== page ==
Where is Western Transdanubia?
I’ve added a line to this map of Hungary. Transdanubia is (approximately) the region to the left, or west of this line. Western Transdanubia is the area shaded in pale blue/lavender.
[T]he western border was always identical with the political boundary of Hungary, therefore it was affected by the territorial changes of the 20th century. Before the Treaty of Trianon in 1920 the present-day regions of Burgenland, Prekmurje and Međimurje were integral parts of Transdanubia. . . . Transdanubia is essentially a Hungarian geographical concept so these areas ceased to be parts of it when they were annexed by neighbouring countries.2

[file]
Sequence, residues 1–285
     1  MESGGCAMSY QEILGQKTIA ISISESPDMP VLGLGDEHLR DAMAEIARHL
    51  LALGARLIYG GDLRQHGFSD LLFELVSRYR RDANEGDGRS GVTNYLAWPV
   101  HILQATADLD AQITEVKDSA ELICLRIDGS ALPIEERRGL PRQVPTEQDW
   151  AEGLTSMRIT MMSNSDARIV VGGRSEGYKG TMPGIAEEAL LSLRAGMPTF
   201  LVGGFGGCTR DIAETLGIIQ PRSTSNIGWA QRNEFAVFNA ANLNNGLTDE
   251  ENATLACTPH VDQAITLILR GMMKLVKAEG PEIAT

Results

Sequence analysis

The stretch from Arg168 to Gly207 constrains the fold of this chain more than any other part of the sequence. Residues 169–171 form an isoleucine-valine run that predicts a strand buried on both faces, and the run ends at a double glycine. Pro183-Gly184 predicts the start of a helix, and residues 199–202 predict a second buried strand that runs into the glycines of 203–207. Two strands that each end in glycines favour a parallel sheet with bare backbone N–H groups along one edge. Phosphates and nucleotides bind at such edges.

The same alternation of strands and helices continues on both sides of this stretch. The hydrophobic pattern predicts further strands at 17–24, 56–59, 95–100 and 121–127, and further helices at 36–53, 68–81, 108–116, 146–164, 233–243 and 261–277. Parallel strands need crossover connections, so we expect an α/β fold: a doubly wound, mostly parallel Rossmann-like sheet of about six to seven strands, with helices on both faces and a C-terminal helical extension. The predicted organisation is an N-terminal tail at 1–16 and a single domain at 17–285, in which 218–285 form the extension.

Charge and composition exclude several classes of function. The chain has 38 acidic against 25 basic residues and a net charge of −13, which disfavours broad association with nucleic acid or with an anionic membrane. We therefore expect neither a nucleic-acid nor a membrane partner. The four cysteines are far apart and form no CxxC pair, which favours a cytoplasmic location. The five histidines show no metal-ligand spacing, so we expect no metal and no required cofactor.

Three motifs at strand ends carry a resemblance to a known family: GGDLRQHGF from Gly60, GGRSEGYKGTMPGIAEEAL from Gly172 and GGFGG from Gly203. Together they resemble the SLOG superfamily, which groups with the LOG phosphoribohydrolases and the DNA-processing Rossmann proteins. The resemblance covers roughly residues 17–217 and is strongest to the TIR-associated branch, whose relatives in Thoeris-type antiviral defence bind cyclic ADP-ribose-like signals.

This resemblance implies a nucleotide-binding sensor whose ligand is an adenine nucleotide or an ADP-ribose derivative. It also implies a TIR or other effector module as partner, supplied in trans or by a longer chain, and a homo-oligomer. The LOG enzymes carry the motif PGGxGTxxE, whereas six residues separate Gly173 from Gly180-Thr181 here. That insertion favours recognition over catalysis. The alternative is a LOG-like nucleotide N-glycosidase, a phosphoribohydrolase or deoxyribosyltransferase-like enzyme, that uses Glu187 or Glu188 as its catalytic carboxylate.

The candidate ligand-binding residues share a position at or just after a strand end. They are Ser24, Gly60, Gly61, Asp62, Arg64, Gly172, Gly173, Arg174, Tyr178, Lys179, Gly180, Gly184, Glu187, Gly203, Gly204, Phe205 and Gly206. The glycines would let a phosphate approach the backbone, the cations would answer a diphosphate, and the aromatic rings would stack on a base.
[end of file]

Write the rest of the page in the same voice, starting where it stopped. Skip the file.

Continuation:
Much of my research has focused on Vas, Sopron, and Zala counties (the orange, blue, and green areas), and the adjacent region of present-day Burgenland, Austria (all within Western Transdanubia). Accordingly, most of the examples used throughout the site are from within these areas.
Regarding the territorial changes and the Treaty of Trianon, the image below represents the areas that were once a part of Hungary. These lands were lost on June 4th, 1920, at the end of World War I. (The small bit of land marked “4026 km²” is now Burgenland, Austria.)
There are plenty of sites to visit for more information about the history of the Kingdom of Hungary. For “Hungary’s History in a Nutshell,” visit gotohungary.com. For more information on Burgenland, Austria, visit the Burgenland Bunch website.